Special Issues » Annual Manual

Ridin' dirty

Summer sports speed up in Raleigh with BMX racing

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Riders with names like "Kamikaze," "The General" and "Slim Shady" zip, jump and skid their off-road bicycles over the dirt BMX track at Lions Park in Raleigh. At today's contest, contenders from 2 to 41 years old tear across the 1,100-foot-long track. Some crash. Others wobble on their landings, threatening to topple over. A sister zips past her older brother, and the rising star of CAPITAL CITY BMX (2000 Timber Drive, 834-4BMX, www.ccbmx.com), Cameron "Dirt Devil" Moore of Chapel Hill, jumps two consecutive earth mounds before fiercely pedaling to the finish line.

Anyone who spent summers playing in a youth recreation league can attest to the vibe of an outdoor sporting contest. Lions Park feels wholesome, summery. The aroma of sunscreen and bug spray hovers overhead. The racers' families and friends sit on hot aluminum bleachers to watch the races; other spectators haul beach chairs and coolers to the event. A giant wooden structure referred to as "the Tower" blasts someone's iPod mix over the sound system. I get caught up in the humidity, the music and the sweat, and before I know it I'm 11 years old again, and all I want in the world is a Mountain Dew and a hot dog.

The track is run by a nonprofit volunteer organization, Capital City BMX Association, which is sanctioned by the American Bicycle Association. One of three BMX tracks in the state (Burlington and Charlotte are the others), the Raleigh track was established in the 1980s, the first of its kind in North Carolina.

That's more than a decade before "Dirt Devil" Moore, the country's top 9-year-old BMX racer, was born. Capitol City BMX has been Moore's home track since he started racing two years ago.

His favorite part of the sport, Moore says, is "being able to race in the biggest races in the world."

However, there are only a few riders, such as Brandon "Butterman" Hopkins, who call the Raleigh track their home. Hopkins is rated as an AA-professional, an elite level of bicycle racing at which a contender is successful enough to earn a living off the sport. The track is also home to Bob "OG" O'Gorman, a veteran pro.

Yet at 9, that goal seems a bit out of reach. "I'm not sure I can make a living out of it," Moore says.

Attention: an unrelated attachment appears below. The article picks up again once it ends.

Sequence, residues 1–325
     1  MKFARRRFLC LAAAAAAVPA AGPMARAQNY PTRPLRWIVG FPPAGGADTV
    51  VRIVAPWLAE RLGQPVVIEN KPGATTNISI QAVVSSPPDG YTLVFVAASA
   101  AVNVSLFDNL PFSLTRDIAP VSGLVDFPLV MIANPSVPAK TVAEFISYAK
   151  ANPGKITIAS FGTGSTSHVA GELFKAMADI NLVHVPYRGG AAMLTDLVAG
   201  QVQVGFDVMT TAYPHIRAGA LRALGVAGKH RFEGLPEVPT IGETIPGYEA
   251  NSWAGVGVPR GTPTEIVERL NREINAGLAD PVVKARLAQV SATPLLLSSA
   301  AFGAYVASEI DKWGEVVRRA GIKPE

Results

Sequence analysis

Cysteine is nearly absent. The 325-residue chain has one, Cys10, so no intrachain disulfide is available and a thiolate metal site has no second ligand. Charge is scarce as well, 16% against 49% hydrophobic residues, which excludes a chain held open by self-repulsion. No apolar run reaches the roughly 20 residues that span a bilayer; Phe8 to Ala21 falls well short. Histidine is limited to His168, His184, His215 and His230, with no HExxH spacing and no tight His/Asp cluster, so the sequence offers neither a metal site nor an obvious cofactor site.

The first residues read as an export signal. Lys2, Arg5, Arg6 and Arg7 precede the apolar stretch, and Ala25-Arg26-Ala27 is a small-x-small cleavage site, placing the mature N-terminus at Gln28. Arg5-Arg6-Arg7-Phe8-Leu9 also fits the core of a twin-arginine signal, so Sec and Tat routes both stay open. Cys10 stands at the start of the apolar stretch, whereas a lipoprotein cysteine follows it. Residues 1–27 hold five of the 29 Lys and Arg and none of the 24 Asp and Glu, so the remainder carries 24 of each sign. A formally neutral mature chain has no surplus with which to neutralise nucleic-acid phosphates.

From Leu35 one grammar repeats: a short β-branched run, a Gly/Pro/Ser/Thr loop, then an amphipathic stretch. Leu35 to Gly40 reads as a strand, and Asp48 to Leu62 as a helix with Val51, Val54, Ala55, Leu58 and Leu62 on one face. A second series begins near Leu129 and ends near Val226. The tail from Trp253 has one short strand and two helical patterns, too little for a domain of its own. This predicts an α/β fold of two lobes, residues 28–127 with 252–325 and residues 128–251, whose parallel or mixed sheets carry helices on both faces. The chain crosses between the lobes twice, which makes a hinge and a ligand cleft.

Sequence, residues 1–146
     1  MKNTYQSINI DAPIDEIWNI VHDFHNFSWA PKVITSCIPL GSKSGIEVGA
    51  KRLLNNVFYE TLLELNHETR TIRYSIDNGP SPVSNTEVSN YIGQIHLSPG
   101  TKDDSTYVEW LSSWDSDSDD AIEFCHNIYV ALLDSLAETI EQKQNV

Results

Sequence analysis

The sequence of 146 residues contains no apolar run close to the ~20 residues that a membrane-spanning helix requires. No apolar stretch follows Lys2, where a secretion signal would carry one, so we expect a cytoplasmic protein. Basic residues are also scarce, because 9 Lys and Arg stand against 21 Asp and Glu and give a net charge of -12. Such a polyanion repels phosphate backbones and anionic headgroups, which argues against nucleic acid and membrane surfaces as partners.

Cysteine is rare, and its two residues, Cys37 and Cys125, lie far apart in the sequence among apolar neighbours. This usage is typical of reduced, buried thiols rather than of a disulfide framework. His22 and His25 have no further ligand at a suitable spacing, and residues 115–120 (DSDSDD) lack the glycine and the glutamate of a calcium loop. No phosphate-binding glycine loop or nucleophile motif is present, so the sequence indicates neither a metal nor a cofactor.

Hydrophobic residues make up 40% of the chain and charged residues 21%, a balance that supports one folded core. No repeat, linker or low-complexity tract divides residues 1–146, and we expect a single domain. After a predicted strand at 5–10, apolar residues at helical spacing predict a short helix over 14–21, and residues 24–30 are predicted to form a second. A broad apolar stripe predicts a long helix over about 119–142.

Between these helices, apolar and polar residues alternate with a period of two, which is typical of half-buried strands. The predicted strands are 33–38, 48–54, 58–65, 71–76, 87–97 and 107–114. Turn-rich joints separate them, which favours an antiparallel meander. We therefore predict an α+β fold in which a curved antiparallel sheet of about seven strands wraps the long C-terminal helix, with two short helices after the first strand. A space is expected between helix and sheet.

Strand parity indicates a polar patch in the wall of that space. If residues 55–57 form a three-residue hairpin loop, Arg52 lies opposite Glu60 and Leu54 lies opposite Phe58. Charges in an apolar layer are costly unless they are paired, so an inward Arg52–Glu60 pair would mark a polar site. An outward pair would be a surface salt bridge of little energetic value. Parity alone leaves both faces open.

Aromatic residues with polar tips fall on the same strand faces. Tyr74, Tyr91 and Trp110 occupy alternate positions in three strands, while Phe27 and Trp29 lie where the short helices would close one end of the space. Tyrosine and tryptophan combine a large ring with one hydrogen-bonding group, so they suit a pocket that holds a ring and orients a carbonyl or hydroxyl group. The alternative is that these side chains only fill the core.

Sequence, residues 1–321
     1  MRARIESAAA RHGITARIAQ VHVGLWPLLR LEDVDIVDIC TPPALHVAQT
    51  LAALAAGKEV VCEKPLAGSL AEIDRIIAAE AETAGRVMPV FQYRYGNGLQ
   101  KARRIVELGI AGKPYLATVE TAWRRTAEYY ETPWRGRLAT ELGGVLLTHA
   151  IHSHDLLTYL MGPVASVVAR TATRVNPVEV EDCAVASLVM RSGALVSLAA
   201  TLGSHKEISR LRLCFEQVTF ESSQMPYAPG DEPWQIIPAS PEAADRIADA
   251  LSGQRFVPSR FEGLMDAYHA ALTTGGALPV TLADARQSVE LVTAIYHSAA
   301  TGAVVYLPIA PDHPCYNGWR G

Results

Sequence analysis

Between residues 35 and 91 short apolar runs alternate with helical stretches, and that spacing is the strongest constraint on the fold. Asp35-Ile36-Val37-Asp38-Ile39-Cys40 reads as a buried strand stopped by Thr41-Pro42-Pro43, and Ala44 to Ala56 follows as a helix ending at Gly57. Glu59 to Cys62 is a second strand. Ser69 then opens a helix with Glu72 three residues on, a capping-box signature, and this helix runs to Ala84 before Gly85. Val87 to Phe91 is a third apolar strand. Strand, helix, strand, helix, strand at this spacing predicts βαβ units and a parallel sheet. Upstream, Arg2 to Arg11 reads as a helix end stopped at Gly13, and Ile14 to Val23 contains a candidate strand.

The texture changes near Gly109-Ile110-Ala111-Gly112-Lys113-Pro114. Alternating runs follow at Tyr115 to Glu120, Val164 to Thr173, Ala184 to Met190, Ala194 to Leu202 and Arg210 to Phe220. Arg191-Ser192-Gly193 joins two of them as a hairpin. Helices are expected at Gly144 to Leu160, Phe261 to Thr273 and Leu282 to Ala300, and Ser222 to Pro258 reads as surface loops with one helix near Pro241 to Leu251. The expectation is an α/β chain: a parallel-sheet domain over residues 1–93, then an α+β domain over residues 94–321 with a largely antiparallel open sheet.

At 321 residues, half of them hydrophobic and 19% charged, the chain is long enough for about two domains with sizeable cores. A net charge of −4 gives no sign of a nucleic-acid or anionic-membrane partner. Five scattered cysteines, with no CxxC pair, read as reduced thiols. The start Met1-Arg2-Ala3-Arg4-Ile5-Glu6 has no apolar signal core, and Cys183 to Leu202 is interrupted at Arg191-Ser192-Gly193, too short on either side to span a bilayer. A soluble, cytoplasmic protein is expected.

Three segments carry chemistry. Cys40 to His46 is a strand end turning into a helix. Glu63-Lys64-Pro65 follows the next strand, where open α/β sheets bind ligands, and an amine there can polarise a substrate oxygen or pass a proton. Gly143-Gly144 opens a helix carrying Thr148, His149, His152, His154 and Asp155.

But maybe not that far. Moore has "skills out of this world," says Track President Shawn Pischke, adding that he is also a role model. "He does a lot to mentor the kids. A lot of them look up to him. We are really lucky to have him here, and for him to be such a great kid."

The first, anxious competitors lean their front tires against a metal gate at the starting line. A recorded voice announces ready, set, and then—bang!—the gate gives way and frenzied cyclists dart onto the earthen roadway.

Several daring racers, pumped up on adrenaline and bravado, pop wheelies over the dirt mounds. Other hard-hitters cycle at such intense speeds that their bodies appear parallel to the ground as they whip through quarter-pipe turns.

Pischke watches from the Tower and provides the crowd with a diligent play-by-play: "Oh, watch out there! What a shaky landing, but don't worry guys, he straightened it out!"

Random park visitors wander over, lured by the lively commentary booming out of the Tower. A family of five joins the spectators and stays until the end; people playing tennis nearby sprinkle their matches with curious glances toward the track. After a missed serve, one player finally relents and props his racket against the fence to devote his attention to the screaming fans and bodies flying through the air on tiny bikes.

I chat with the convivial fans, who invite me to practice with them over the weekend.

"Just wear some pants, a long-sleeved shirt and a helmet. I'll provide the bike," Pischke says.

If they had asked me to participate before I watched the race, I would have promptly declined the invitation. I mean, come on—do I really have any business flying through the air on a youth Schwinn? But I'm a sucker for enthusiasm, and something about the furor expressed by the racers as they pump their pedals around the track provokes me to give it a whirl.

The next Saturday I show up ready to ride. At first, it's nerve-wracking, what with the metal gate, the nearly vertical jumping mounds and the borrowed tiny bike. After being accustomed to my trusted road bike, I found the 20-inch, single-speed youth bicycle hard to control at first. After the second lap though, I was ready for my wheelie (which, by the way, I successfully popped at the end of the next lap). After that personal triumph, I was hooked.

So are thousands of other people. BMX will be included in the 2008 Olympic Games in Beijing, where it will replace baseball. But if you don't want to wait until next summer's Olympics to watch a BMX competition, head over to Capitol City BMX and catch a race. The track hosts races every other Thursday and some Saturdays and Sundays. Admission as a spectator is free (Mountain Dew is $1).

If you want to ride the track, the course is open for practice every Tuesday and Thursday, and the trial ride will only set you back $1. For liability purposes, riders must either obtain a license from the American Bicycle Association or sign a waiver before practicing.

Want to check out other spectator sports in the Triangle? Here are a few places to try:

Durham

Raleigh

Cary

Zebulon

  • Carolina Mudcats Professional Baseball (Five County Stadium, N.C. 39 at U.S. Hwy. 264, 269-2287, www.gomudcats.com)

Chapel Hill

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